Science is the most important way to develop nations and people. Scientists are those people who are involved in a certain branch in science to which they are dictated. Scientific contributions offer a lot to the world, they transfer peoples from darkness into light. They moved them from instability to stability. If you want to get acquainted with the most famous scientists that change the world, follow up this list.
10 Max Born (1882-1970):
He was a German physicist and mathematician. In 1904, he joined the University of Göttingen. He was helpful in the progress of quantum mechanics. He also offered a lot to solid-state physics and optics and controlled the efforts of a number of noteworthy physicists. He won the Nobel Prize in Physics 1954 for his “fundamental research in Quantum Mechanics”.
9 James Clerk Maxwell (1831-1897):
James was a Scottish mathematical physicist. His most noteworthy achievement was to prepare the classical theory of electromagnetic radiation. Maxwell contributed in developing the Maxwell–Boltzmann distribution, arithmetical resources of depicting aspects of the kinetic theory of gases. Maxwell had remarked electricity and magnetism. In 1862, while giving lectures at King’s College, Maxwell computed that the velocity of propagation of an electromagnetic field is somehow that of the speed of light.
8 Stephen William Hawking (1942):
He is an English theoretical, physicist, author and the director of Research at the Centre for Theoretical Cosmology in the University of Cambridge. Hawking was the earliest to express a cosmology described by a combination of the general theory of relativity and quantum mechanics. He supports the interpretation of many-worlds for quantum mechanics. Hawking has been given many awards and honors. In 1974 he was chosen to be a Fellow of the Royal Society.
7 Charles Robert Darwin (1809-1882):
Darwin was an English naturalist as well as geologist; he is famous for his contributions to evolutionary theories. Darwin propagated his theory of evolution with forceful evidence in his book On the Origin of Species in 1859, conquering scientific refusal of previous concepts of transmutation of species.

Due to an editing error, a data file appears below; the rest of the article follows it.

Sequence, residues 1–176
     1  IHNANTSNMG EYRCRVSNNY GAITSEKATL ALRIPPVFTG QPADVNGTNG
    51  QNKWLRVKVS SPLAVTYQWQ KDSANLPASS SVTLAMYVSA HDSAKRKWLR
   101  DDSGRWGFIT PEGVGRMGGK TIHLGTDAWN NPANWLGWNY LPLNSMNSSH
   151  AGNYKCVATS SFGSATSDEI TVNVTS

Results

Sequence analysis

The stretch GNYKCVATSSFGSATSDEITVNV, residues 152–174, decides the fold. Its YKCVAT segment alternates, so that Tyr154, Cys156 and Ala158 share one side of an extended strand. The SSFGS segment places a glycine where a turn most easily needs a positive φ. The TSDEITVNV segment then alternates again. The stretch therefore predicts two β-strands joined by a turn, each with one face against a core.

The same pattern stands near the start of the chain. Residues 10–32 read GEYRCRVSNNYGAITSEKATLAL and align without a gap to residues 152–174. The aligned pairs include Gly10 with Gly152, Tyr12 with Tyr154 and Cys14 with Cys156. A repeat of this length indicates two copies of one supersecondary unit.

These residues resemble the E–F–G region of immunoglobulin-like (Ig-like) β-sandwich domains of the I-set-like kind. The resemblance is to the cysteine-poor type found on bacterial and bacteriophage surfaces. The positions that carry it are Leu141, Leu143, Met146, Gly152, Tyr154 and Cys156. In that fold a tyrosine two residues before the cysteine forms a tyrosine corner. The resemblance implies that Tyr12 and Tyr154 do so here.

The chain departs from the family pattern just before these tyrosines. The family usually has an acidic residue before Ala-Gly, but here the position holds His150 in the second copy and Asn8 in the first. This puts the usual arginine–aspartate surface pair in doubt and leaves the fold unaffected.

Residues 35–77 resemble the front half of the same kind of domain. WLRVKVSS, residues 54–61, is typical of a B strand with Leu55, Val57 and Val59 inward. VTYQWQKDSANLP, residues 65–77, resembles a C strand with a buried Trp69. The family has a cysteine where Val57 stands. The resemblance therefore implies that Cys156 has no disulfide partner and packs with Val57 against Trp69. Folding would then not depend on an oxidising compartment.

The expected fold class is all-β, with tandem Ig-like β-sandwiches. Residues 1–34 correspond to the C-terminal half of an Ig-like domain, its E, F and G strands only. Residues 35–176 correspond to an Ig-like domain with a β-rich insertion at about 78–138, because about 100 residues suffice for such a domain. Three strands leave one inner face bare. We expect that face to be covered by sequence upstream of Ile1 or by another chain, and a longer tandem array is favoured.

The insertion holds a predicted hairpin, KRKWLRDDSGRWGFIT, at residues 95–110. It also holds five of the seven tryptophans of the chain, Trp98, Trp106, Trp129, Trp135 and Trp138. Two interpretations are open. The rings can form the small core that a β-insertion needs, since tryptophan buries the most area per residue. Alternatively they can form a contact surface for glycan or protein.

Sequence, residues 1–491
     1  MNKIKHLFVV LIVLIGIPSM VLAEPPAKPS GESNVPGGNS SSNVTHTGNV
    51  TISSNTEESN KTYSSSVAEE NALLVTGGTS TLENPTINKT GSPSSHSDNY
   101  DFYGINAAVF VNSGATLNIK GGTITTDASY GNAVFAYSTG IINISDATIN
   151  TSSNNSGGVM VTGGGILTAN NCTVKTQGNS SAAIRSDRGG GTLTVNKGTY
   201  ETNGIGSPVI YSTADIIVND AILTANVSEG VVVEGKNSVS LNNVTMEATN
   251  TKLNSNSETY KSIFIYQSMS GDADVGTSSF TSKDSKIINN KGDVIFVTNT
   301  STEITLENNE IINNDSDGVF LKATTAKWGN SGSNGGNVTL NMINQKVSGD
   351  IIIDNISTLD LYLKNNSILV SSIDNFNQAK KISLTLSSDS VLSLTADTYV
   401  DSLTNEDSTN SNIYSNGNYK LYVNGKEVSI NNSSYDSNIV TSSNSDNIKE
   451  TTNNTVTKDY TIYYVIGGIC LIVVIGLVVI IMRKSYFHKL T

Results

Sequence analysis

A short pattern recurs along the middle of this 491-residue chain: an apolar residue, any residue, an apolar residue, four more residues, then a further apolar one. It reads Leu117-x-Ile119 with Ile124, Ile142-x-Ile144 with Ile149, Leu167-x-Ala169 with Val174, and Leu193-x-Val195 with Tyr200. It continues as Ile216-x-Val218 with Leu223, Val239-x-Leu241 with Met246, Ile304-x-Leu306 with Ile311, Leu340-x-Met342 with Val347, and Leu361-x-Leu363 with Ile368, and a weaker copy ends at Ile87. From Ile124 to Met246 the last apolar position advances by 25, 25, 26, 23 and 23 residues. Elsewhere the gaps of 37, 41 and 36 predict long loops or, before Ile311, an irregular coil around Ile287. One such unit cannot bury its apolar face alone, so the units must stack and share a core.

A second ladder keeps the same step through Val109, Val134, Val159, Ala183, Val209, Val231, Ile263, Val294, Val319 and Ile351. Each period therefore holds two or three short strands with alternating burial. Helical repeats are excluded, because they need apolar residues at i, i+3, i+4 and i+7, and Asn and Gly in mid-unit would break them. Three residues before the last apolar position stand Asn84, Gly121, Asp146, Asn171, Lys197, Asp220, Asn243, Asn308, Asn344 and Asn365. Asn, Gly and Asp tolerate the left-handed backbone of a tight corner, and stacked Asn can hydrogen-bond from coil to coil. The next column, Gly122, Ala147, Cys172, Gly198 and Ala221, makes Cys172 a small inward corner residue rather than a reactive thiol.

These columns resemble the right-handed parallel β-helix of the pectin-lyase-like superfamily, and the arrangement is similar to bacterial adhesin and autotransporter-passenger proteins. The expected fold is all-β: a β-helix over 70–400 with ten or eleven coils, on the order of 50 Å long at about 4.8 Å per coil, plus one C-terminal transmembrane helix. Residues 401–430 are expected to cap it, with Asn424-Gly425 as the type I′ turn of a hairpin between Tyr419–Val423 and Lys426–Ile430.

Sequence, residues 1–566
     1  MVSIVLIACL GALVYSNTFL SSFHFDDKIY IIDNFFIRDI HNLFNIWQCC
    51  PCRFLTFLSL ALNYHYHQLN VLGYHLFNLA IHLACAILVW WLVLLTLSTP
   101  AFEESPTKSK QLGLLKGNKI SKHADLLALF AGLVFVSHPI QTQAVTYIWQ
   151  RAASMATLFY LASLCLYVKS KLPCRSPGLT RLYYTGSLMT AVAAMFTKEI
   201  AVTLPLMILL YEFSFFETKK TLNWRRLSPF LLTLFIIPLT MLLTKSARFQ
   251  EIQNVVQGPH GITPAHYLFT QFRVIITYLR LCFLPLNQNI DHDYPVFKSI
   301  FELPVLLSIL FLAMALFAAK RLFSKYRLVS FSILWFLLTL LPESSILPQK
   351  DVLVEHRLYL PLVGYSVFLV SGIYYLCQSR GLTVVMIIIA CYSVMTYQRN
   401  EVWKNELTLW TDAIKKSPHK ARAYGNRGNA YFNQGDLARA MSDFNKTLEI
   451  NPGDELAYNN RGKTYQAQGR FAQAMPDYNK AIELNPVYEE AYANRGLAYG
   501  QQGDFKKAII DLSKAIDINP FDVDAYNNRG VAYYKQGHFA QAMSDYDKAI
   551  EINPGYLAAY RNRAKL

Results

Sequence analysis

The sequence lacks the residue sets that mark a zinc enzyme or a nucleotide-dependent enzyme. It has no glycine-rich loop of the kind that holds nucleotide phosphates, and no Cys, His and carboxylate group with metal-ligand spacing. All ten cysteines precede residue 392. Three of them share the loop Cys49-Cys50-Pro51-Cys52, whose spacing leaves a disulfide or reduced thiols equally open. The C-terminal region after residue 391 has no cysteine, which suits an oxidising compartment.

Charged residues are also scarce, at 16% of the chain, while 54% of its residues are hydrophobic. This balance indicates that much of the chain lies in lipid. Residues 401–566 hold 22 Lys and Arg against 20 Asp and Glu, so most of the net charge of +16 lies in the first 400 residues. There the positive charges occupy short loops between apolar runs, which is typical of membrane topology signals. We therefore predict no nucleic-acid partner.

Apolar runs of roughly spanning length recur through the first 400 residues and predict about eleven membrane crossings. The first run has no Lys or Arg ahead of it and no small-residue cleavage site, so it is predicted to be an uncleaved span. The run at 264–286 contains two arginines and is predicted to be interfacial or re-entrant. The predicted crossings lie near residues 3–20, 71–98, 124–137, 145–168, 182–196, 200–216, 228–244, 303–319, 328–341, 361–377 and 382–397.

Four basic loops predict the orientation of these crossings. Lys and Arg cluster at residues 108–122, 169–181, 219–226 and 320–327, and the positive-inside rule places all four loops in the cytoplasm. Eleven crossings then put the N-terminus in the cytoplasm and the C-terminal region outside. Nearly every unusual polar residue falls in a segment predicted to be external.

6 Marie Skłodowska-Curie (1867-1934):
She was a Polish physicist and chemist who carried out a ground-breaking research on radioactivity. Curie won a Nobel Prize, being the first woman to win it. Her contributions developed a theory of radioactivity, methods for separating radioactive isotopes, as well as the discovery of both polonium and radium. Curie passed away in 1934 in France, due to aplastic anemia she suffered due to exposure to radiation.
5 Alexander Graham Bell (1847-1922):
He was a well-known Scottish scientist, engineer and innovator who invented the first realistic telephone. Bell had other inventions as the pioneering work in optical telecommunications and aeronautics. In 1891, Bell had developed experiments in “motor-powered heavier-than-air aircraft”.
4 Louis Pasteur (1822-1895):
He was a French microbiologist famous for his invention of the ideology of vaccination, and pasteurization. His medical discoveries offered support for the germ theory of disease and its function in clinical medicine. Pasteur was liable for overwhelming the doctrine of spontaneous generation. Pasteur also made major discoveries in chemistry, most remarkably on the molecular foundation for the asymmetry of definite crystals and racemization.
3 Sir Isaac Newton (1642-1726):
He was an English physicist and mathematician; he is as famous as one of the most powerful scientists of all time and as a main figure in the scientific revolution. Newton also made the first realistic reflecting telescope and developed a theory of color based on the examination that a prism turns white light into many colors of the observable spectrum. This great scientist was a fellow of Trinity College and the second Lucasian Professor of Mathematics at the University of Cambridge.
2 Galileo Galilei (1564-1642):
He was an Italian physicist and mathematician who played a chief role in the scientific revolution. His achievements consist of developments of the telescope and consequential astronomical observations and support for Copernicanism. His help to observational astronomy include the telescopic verification of the Venus.
1 Albert Einstein (1879-1955):
Albert was a German theoretical physicist. He expanded the general theory of relativity. Einstein believed that Newtonian mechanics was not adequate to settle the laws of classical mechanics with the laws of the electromagnetic field. He went to deal with problems of statistical mechanics and quantum theory that led to his elucidation of particle theory and the movement of molecules.
These scientists made a lot of contribution, without which the world would not make progress.